Over the weekend, I aired some grievances that I've had with The New York Times and its tax shaming. One commenter on the thread mentioned a Times article on AIG from a few months back that exposed that companies tax dodgy ways. I had a chance to dig it up today, but it's worth noting that article was written by DealBook's Andrew Ross Sorkin and it was published a week after AIG reported over $19 billion in profit for the 4th quarter. A phony profit that ARS sniffed out right away:
[I]f you dug into the numbers, it quickly became clear that $17.7 billion of that profit was pure fantasy — a tax benefit, er, gift, from the United States government. The company made only $1.6 billion during the quarter from actual operations. Yet A.I.G. not only received a tax benefit, it is unlikely to pay a cent of taxes this year, nor by some estimates, for at least a decade. The tax benefit is notable for more than simply its size. It is the result of a rule that the Treasury unilaterally bent for A.I.G. and several other hobbled companies in 2008 that has largely been overlooked. This rule-twisting could deprive the government of tens of billions of dollars, assuming the firm remains profitable. The tax dodge — and let’s be honest, that’s what it is — also will most likely help goose the bonuses of A.I.G.’s employees, some of whom helped create many of the problems that led to its role in the financial crisis.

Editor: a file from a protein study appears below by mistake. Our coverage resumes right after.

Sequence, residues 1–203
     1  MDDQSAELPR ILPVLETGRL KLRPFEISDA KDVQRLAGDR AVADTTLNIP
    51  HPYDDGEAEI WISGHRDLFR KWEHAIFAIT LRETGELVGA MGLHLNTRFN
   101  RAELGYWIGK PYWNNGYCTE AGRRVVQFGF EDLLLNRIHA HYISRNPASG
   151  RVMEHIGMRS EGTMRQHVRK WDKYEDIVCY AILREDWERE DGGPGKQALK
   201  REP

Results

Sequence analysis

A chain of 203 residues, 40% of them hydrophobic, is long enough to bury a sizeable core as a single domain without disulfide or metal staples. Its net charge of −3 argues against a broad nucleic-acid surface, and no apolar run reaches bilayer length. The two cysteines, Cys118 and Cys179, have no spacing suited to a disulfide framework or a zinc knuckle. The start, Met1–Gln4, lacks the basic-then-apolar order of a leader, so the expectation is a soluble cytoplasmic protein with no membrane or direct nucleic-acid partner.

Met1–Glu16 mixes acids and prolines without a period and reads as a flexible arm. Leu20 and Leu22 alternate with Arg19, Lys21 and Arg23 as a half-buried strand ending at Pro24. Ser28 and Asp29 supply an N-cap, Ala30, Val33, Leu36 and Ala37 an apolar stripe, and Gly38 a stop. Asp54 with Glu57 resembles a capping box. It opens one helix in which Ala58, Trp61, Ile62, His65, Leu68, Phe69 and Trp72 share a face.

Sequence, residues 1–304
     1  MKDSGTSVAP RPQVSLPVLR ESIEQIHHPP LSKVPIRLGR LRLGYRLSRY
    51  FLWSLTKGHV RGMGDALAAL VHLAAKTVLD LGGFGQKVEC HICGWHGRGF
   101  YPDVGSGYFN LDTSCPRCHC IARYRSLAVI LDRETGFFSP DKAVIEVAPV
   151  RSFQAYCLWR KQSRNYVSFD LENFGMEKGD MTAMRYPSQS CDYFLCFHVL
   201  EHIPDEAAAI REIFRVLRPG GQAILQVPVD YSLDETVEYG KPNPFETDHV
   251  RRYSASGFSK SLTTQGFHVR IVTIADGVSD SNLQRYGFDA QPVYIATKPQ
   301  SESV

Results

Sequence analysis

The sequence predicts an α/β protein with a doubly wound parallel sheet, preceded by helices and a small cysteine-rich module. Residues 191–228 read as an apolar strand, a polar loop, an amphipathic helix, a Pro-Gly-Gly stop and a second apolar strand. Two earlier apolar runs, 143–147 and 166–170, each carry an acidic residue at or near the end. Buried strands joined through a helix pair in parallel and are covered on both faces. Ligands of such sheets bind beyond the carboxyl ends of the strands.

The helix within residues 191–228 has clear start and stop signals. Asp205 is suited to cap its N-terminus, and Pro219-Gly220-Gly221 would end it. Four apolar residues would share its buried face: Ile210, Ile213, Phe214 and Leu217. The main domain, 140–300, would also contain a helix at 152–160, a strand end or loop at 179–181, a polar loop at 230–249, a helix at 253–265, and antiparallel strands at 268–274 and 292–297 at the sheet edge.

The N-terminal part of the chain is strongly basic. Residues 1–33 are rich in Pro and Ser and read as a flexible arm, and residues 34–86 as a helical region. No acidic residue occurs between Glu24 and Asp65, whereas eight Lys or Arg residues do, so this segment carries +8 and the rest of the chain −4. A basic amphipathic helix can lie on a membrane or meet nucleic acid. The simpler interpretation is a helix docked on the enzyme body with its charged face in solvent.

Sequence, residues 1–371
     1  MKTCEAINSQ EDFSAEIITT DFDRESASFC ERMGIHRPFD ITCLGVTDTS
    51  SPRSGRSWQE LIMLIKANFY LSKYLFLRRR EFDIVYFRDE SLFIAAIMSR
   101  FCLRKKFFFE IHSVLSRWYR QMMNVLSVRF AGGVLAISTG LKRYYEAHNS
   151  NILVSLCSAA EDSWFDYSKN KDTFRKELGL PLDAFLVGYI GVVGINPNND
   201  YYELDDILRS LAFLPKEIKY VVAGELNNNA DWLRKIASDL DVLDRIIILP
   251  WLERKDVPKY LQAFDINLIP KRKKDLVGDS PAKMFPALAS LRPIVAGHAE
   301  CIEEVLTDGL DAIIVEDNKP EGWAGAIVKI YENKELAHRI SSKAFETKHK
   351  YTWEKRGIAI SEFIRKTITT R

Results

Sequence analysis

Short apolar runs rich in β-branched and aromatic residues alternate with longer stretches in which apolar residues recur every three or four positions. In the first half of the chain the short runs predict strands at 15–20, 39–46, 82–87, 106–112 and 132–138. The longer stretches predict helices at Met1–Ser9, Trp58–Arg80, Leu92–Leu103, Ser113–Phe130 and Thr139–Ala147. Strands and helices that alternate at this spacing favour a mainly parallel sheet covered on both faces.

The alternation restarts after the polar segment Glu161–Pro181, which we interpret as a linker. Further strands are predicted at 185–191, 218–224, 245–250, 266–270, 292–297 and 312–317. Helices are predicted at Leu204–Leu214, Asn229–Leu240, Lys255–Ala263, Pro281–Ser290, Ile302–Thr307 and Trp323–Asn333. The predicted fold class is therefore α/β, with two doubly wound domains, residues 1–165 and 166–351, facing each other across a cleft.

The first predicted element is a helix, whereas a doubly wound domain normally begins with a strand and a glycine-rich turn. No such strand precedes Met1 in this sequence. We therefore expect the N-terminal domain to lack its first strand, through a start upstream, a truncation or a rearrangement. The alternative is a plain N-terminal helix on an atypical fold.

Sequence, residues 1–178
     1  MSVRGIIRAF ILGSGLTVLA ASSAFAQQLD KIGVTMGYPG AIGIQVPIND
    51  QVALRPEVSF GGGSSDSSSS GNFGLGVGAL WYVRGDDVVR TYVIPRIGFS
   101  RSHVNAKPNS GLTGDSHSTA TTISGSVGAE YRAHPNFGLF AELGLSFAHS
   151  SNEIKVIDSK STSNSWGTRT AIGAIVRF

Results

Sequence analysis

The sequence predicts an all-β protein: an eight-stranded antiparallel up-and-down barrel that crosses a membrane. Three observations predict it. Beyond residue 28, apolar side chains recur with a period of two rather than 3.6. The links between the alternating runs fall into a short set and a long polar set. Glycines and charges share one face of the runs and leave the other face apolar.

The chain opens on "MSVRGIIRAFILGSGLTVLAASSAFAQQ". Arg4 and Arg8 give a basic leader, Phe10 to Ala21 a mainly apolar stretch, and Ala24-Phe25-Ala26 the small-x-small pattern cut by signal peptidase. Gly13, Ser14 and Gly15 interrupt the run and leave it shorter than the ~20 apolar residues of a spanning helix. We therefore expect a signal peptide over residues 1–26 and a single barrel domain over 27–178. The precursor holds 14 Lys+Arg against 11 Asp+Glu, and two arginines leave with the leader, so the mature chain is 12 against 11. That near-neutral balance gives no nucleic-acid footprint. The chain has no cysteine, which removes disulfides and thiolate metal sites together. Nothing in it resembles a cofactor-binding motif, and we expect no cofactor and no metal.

A series of Treasury Department rulings since 2008 let GM use $18 billion in losses — from the "old GM" that was left behind in bankruptcy — to offset any profits. GM spokesman Jim Cain said the automaker pays "significant" state income taxes, but because of its prior losses doesn't incur federal tax liability. "We did not pay federal income tax last year," he said. [...] GM disclosed Thursday that its effective global tax rate for 2012 will likely be 12 percent to 13 percent, equal to the just-reported first quarter. That 2012 rate is up from a previous estimate of 10 percent. The automaker's chief financial officer, Dan Ammann, said the rate could still change "due to variations in country-specific profitability and tax liability." GM had credits totaling $16 billion at the end of 2011, which means it can offset about $48 billion in future income.